Katie Price, the reality TV personality, launched an e-petition urging the government to make verified ID a requirement for opening a social media account, after her son, Harvey, had been subject to abuse online. After the Euros 2020 final, which saw Black England players receive a barrage of abuse online after losing to Italy, support for the petition grew to almost 700,000 signatures by the time it closed in July this year.
The government responded to the petition in a statement, saying, “The Online Safety legislation will address anonymous harmful activity. User ID verification for social media could disproportionately impact vulnerable users and interfere with freedom of expression.”
Some campaign groups have argued that limiting anonymity would have little impact on online abuse, as many perpetrators make no effort to hide their identity, while others operate from abroad beyond the reach of UK legislation. Others, such as HOPE not Hate, said that restricting anonymous or pseudonymous accounts could adversely affect people who would only seek help online if they could keep their identity secret, such as young people exploring their sexuality, or victims of domestic violence.
Some groups have argued that online anonymity also provides vital cover for bona-fide whistle-blowers and pro-democracy and rights campaigners to criticise repressive regimes that would silence them if they could be identified.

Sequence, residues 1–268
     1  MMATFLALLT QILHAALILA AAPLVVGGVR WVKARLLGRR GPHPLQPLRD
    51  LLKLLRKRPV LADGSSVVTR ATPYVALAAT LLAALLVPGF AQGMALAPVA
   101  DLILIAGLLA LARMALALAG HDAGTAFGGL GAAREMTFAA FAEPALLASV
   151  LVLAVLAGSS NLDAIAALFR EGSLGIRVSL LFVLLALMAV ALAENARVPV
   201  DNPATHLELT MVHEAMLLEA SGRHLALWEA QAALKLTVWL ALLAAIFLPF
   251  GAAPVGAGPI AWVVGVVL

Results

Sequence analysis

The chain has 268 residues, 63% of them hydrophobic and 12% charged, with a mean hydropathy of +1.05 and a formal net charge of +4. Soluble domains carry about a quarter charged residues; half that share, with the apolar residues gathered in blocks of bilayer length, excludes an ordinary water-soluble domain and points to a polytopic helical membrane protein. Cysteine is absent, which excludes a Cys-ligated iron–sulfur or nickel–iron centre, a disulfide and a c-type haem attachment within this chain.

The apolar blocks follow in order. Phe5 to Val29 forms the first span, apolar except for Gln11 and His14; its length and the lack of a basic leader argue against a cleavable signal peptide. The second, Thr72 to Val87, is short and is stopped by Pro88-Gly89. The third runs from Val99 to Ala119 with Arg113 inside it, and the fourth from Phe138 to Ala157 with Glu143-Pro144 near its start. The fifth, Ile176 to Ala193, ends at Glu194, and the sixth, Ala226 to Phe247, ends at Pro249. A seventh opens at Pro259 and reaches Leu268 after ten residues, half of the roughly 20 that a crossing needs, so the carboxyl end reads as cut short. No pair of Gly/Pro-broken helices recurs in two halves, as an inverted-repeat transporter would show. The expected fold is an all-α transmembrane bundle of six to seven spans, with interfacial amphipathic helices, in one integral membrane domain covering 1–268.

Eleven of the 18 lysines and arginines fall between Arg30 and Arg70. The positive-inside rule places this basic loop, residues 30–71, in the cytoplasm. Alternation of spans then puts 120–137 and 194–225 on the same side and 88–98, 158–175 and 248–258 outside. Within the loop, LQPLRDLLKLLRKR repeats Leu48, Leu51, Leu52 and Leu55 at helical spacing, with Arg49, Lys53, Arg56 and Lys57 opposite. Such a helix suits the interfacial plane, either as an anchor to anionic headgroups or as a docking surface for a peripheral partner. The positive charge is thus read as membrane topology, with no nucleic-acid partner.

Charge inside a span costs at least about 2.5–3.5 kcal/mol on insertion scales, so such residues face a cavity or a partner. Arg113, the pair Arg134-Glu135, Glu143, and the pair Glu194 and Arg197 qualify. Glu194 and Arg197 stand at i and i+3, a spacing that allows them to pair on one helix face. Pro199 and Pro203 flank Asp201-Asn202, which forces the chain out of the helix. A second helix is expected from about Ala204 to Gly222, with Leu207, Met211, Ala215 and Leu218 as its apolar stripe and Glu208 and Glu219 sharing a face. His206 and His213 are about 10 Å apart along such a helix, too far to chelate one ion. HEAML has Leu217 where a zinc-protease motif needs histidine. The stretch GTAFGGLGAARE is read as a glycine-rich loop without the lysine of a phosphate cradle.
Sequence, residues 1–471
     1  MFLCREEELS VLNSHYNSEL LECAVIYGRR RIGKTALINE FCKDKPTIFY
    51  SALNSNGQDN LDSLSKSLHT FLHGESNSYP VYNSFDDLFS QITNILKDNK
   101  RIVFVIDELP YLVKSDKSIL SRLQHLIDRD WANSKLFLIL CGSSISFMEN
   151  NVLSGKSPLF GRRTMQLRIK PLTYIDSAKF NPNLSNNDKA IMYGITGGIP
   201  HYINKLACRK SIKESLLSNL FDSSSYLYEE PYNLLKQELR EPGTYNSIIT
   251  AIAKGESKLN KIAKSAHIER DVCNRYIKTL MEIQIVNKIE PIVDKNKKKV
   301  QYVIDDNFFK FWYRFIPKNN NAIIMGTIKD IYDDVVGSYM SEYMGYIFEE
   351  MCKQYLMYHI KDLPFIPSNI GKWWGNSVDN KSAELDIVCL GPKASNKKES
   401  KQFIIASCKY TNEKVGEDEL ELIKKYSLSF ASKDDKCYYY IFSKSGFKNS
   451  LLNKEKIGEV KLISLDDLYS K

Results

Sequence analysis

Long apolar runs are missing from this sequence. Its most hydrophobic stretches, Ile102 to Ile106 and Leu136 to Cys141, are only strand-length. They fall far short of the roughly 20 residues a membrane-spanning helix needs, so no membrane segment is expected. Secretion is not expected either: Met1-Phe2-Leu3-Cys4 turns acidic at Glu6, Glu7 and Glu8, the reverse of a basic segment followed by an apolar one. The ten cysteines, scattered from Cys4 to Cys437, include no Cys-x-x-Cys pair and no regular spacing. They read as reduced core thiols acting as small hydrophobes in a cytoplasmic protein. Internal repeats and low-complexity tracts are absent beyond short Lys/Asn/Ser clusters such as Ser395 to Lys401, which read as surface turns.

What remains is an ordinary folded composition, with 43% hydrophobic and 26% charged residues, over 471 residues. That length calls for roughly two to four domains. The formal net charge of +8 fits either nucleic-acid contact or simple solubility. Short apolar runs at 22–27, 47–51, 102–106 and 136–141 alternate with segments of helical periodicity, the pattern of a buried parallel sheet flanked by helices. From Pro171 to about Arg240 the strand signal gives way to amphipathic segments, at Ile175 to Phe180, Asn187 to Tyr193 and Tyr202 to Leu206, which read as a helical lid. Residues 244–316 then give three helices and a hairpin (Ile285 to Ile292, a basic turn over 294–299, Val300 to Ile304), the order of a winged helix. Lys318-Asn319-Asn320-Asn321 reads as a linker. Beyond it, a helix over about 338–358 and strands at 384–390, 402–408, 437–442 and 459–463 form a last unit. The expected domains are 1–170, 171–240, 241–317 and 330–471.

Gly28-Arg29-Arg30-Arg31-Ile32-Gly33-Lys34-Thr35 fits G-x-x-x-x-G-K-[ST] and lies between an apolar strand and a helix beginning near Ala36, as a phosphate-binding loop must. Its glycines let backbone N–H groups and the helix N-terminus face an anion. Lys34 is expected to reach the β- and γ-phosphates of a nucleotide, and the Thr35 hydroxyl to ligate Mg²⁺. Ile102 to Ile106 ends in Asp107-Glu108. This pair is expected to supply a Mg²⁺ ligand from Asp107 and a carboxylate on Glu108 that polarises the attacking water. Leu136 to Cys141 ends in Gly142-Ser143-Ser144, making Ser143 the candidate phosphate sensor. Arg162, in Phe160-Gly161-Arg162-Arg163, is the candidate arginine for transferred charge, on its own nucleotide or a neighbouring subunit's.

“Restricting, or banning, anonymity is attempting to address one freedom of expression issue by creating another one,” Glitch, a UK charity fighting online abuse said in a statement in October, backed by 22 other campaign and human rights groups
Twitter told The House that pseudonyms were no shield from its rules or criminal liability, as new users were required to give a full name, date of birth, phone or email address when they open an account. In August, the company said that 99 per cent of the accounts it suspended permanently following comments during the Euros tournament were identifiable, so ID verification would have been unlikely to prevent the abuse.
The company said it was concerned that in its present form, the Online Safety bill risked setting a harmful international precedent due to a lack clarity, including over what speech is and is not allowed online and on enforcement penalties.
“We look forward to seeing more substantive definitions on key elements of the bill in the coming weeks and months. We will continue to collaborate with the government and industry to build on the work we’ve already undertaken to make the Internet a safe environment for all,’’ Katy Minshall, Head of UK Public Policy and Philanthropy at Twitter, said in a statement.
The Department for Digital, Culture, Media, and Sport did not respond to requests for comment on the online anonymity issue.
Meta did not respond to requests for comment. However, Nick Clegg, the company’s head of global affairs, told a Web summit in Lisbon earlier this month that the assertion that the company “algorithmically spoon-feeds hateful content” because that increases profits was wrong.
The Joint Committee on the Draft Online Safety Bill is due to report on 10 December.
Critics of the big tech firms, including Damian Collins, continue to believe they can go further. “We need platforms to be proactive, not reactive, in a way that respects free speech” Collins said.